In these pages, today, John Quelch said,
"Many marketing managers are failing their employers. They are often creative right-brain thinkers who can dream up campaigns to drive top-line sales but they show little interest in the balance sheet impact of their promotion programs. Such marketers lack the quantitative, analytical skills necessary to drive marketing productivity…"
This is well and good, as far as it goes. In a perfect world we would all be utility infielders, equally gifted in all the things a marketer needs to do. But we know perfectly well there’s a trade off. The more skillful we are at some things, the worse we are sometimes at others.
Except at the Harvard Businsess School, where Professor Quelch teaches. In point of fact, there is plenty of training in "left-brain" and quantitative skills at HBS, but virtually none in qualitative skills and what Prof. Quelch calls "creative flair."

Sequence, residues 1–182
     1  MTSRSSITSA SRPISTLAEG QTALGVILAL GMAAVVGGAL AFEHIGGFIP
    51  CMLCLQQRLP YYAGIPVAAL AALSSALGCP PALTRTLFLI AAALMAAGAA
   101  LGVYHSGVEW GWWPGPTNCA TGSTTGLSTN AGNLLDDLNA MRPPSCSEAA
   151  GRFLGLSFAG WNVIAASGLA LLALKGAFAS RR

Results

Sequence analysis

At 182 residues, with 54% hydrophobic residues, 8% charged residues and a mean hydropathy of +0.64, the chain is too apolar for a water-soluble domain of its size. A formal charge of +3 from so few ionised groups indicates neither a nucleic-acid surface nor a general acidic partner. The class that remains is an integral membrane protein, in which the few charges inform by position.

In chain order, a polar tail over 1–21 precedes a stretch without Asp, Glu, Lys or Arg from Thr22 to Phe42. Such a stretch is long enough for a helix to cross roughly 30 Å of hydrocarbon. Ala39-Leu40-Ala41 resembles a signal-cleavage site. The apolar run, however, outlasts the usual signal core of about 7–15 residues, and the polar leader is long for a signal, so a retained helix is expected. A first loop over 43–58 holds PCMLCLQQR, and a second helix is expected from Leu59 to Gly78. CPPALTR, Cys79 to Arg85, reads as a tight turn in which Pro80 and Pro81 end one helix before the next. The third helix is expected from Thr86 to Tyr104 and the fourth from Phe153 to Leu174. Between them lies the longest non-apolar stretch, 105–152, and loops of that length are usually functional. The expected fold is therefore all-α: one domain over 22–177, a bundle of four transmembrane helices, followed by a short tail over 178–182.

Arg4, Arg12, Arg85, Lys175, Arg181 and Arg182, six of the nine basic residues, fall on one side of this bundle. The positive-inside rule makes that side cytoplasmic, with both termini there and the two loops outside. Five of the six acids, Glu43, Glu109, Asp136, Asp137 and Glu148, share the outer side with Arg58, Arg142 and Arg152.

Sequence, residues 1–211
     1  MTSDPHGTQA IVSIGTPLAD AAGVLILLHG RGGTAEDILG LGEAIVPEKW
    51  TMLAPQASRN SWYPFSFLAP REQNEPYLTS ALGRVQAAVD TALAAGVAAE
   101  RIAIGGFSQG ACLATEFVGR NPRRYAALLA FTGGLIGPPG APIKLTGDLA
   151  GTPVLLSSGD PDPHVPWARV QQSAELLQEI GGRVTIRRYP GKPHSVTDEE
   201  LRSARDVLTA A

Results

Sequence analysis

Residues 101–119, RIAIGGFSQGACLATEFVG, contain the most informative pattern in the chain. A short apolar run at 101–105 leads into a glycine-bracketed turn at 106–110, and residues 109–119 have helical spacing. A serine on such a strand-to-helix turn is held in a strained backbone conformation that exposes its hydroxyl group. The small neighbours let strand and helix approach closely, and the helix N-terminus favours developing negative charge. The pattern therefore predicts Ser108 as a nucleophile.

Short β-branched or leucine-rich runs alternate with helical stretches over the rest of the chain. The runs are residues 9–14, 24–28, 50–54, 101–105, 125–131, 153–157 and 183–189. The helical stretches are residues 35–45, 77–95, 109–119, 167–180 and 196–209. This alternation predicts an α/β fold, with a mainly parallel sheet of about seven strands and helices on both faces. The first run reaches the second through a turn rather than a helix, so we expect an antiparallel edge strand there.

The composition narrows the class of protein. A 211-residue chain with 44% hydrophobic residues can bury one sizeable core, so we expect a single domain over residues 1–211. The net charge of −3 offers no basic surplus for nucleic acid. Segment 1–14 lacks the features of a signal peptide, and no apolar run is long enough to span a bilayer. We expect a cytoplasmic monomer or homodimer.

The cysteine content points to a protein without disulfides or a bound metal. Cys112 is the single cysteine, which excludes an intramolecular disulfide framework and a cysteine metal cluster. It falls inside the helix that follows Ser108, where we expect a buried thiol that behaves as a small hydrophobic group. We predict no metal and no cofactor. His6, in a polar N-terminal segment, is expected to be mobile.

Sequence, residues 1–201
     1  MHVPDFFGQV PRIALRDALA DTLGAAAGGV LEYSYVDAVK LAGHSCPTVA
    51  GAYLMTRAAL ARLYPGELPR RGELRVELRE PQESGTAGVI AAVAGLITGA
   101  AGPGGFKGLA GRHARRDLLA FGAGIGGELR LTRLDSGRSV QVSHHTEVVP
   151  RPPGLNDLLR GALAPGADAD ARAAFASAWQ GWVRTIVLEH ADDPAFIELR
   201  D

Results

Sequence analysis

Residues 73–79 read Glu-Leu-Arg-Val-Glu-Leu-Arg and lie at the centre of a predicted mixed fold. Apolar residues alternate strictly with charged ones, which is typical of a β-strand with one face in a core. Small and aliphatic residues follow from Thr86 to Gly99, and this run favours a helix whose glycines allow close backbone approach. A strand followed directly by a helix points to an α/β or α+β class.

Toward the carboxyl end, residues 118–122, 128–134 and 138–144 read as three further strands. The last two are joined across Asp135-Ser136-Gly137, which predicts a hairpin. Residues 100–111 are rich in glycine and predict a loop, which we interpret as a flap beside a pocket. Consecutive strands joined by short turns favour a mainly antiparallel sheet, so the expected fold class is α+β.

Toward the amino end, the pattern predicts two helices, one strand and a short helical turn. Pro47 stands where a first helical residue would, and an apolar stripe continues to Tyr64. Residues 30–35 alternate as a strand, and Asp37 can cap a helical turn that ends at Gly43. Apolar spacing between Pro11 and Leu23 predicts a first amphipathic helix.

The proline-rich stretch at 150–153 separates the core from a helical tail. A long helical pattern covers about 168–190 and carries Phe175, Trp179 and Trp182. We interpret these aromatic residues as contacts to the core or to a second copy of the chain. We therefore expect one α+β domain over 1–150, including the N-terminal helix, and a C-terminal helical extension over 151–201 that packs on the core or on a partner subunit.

This is a problem not just at HBS. Most marketing managers are not formally trained in the performance of their "right brained" activities. This is in some small part because of the influence of HBS. Despite this educational, intellectual deficit, marketing managers continue to be one of the great founts of value for the corporation. While their colleagues are busy squeezing nickels, the marketing managers are the ones who attempt to reap the whirlwind of contemporary consumer taste and preference. And a good thing, too. For as Prof. Quelch points out, "Since customers are the source of all cash flow, marketing and sales excellence are critical."
In sum, Prof. Quelch is whipping the marketing manager for failing to acquire statistical skills when in fact this manager is a) the only reliable supplier of the creative problem solving from which the corporation now extracts much of its value, b) hampered in this exercise by a paucity of formal training in qualitative skills and creativity. (Take a bow, HBS.)
It’s a great idea to give every marketing manager better at running the numbers. While we’re at it, should we make up the bigger deficit in matters of cultural literacy, pattern recognition and creative problem solving.
The corporation is a little ship on the high seas. It must negotiate the perfect storm of the contemporary market place. Reading the instruments is a necessary skill. Looking for land, this, too, could be useful.